Hula Hoop

The hula hoop gained international popularity in the late 1950s, when a plastic version was successfully marketed by California's Wham-O toy company. Cane hoops had been popular children's toys to be rolled on the ground and kept balanced for as long as possible. 

In 1957, children in the Norwegian town of Steinkjer began a fad described as "rock-rings", with the description being "These are huge cane rings which little girls swing round their bodies by moving their hips and arms." An August 7 news item described the origin as children buying cane rings after seeing ring jugglers at a circus that visited Steinkjer and added "It wasn't long before most of the children in the town had caught the 'wiggle-rock' craze’.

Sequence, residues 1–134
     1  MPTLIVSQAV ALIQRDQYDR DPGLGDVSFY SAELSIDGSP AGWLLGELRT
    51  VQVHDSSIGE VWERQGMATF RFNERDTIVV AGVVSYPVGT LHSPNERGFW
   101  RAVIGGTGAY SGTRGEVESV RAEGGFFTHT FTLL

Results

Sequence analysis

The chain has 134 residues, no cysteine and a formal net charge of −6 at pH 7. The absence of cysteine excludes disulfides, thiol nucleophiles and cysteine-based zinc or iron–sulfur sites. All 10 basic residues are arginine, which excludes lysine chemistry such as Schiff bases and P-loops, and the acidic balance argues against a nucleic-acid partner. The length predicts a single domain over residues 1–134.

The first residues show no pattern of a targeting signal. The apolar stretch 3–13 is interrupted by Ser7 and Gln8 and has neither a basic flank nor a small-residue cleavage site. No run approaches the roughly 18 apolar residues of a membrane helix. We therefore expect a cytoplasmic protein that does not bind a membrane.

That summer, schoolgirls in Australia were using the hoops and news came to the United States with the first reference to the toy as a "Hula hoop", described as all the rage among the young girls of Australia. 

“This is old fashioned hoops with a difference. You don't roll them, you put them around your middle and by swinging the hips in a circular motion to keep the hoop revolving— hence the name.". 

Australia's Coles department stores started selling bamboo hoops and demand soon outstripped supply. Coles then asked legendary toy man Alex Tolmer who founded toy company Toltoys, to help mass produce hoops. 

In 1957, Tolmer used Polyethylene which was stronger and less brittle than earlier plastics. The new lightweight plastic hoops sold in a variety of colours for less than $2. Toltoys sold 400,000 plastic hoops in Australia in 1957 alone. 


hula hoops
Image from Coops Hoops

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